Chris Lutzke Finishes The Baths of Blackwolf Run

Excerpt taken from September 13, 2018

HAVEN — Chris Lutzke doesn’t have a business card, doesn’t grant many interviews and has never been big on promoting himself. He’s most comfortable on a bulldozer or a loader, pushing dirt around, moving it here and there, sculpting the skeletons of golf courses.

You’ve probably never heard of him, but you know his work: Teeth of the Dog in the Dominican Republic, the Pete Dye Course at the French Lick Resort in southern Indiana, Old Marsh in West Palm Beach, Florida, and many others.


Lutzke has been with Pete Dye for more than 30 years and has been a Dye design associate for more than 20. His loyalty to the legendary course designer stands out in an industry in which young hot-shot architects are quick to strike out on their own and draw attention to themselves.

The Kohler Co. hired Lutzke, fresh out of Valders High School, to pick up sticks and do odd jobs when Dye was building Blackwolf Run in the mid-1980s. Dye took notice of the kid who worked harder than everyone else and took him under his wing. Got him into Michigan State and paid his tuition. Took him around the world to build golf courses.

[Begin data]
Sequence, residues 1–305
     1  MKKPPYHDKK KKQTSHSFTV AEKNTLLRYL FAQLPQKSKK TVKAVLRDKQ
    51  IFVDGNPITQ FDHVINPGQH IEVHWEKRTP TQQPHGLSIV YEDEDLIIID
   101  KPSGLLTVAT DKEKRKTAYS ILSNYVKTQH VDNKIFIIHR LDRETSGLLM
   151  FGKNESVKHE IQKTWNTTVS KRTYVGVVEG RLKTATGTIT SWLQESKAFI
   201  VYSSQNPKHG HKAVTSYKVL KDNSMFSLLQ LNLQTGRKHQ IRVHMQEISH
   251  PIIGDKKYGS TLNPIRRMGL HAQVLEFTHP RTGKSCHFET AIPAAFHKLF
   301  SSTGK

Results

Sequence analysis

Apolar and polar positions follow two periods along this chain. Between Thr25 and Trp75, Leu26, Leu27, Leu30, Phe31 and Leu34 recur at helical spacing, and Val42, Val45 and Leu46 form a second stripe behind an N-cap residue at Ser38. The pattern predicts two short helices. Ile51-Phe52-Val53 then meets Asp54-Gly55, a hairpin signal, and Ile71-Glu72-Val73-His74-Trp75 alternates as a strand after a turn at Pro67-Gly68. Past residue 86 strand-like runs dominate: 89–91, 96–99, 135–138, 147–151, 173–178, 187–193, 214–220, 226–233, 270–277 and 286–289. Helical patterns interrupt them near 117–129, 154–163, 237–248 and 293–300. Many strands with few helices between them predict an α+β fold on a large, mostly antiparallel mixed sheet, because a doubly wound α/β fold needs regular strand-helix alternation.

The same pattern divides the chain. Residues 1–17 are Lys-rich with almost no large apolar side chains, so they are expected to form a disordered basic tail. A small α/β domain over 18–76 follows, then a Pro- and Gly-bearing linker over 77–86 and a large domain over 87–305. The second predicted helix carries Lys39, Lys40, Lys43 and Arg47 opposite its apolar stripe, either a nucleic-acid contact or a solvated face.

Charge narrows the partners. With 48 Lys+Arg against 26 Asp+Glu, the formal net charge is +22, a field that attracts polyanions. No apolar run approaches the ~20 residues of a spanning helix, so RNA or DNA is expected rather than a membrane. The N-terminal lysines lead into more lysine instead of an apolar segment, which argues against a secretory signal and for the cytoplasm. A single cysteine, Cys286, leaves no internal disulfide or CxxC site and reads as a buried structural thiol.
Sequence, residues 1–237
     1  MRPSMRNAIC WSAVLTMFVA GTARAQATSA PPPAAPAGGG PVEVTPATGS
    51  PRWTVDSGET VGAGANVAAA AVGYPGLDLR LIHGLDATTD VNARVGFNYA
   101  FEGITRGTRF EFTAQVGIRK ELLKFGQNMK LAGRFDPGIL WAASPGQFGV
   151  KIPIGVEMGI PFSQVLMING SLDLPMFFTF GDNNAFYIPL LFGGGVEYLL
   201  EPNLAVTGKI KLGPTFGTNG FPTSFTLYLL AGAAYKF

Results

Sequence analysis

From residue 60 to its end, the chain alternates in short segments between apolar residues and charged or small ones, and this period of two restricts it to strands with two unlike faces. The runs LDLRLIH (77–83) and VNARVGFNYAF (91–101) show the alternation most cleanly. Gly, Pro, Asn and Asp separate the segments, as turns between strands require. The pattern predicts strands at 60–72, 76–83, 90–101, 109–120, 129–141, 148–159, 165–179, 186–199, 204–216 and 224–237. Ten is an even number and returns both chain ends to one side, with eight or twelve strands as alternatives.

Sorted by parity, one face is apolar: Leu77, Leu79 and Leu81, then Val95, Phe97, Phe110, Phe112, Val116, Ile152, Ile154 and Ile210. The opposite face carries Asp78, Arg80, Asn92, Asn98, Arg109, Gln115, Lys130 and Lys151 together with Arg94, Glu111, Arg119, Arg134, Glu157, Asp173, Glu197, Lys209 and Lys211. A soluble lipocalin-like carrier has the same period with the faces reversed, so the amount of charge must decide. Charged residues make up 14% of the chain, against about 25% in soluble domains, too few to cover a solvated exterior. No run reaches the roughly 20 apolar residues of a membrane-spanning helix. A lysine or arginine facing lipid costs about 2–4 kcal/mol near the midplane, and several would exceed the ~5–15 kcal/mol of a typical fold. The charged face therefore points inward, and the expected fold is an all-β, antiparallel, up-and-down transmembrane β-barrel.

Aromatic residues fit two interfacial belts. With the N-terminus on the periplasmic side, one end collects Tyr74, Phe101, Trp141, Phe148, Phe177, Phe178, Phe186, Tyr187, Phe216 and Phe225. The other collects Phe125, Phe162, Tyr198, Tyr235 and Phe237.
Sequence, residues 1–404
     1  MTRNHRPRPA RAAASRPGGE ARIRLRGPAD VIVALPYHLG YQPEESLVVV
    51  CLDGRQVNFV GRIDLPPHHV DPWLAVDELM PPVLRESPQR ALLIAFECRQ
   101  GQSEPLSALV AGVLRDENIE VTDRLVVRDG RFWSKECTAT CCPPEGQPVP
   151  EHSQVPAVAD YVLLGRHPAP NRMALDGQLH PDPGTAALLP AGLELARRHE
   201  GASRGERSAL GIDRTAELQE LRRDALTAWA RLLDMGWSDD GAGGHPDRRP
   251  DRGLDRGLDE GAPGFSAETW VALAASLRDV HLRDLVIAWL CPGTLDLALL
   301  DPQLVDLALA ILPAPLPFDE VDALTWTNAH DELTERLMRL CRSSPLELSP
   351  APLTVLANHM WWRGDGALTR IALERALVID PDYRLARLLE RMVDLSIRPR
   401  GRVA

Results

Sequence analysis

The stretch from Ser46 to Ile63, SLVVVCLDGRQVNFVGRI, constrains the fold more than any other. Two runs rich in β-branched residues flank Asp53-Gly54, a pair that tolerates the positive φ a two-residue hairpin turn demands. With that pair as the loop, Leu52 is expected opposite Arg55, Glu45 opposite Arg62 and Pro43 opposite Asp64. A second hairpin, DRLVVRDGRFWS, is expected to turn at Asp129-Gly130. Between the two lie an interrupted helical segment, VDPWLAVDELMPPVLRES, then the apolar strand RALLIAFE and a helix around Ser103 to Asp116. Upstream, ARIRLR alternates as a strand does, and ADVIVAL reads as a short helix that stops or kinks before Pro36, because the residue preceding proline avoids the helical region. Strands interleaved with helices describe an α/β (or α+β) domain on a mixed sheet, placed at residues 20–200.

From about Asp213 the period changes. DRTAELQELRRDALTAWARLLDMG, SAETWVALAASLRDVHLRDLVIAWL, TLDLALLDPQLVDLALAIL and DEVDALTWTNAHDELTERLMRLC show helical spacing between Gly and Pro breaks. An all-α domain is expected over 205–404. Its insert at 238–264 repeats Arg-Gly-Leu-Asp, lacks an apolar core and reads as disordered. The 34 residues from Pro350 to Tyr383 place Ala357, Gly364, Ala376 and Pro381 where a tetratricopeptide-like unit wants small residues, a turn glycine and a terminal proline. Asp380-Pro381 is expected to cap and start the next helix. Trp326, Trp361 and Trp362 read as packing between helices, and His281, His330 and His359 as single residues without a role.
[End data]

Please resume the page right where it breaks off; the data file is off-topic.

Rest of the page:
You wouldn’t know any of this because Lutzke prefers to stay in the background. He consented to a rare interview recently in the pub at Whistling Straits, where he is overseeing prep work in advance of the 2020 Ryder Cup.

“I’ve always stayed behind the scenes,” he said. “Rarely would I talk to a reporter. I just get up early and I go to work. And I get home and it’s dark. That’s my only secret, if you will.”

Lutzke has spent a lot of time at Whistling Straits in recent months, overseeing work to widen gallery corridors and enhance spectator viewing areas for the 2020 Ryder Cup.

He’s also keenly interested in a project a few miles to the south, in the Town of Wilson, where Dye drew a preliminary routing for a fifth Kohler Co. course on 247 company-owned acres just north of Kohler-Andrae State Park.

More than four years have passed since plans were announced for the 18-hole championship course. Because of opposition from local property owners and environmental groups such as Friends of the Black River Forest, Kohler Co. has done its due diligence and moved slowly through various hearings, permitting processes and DNR approvals.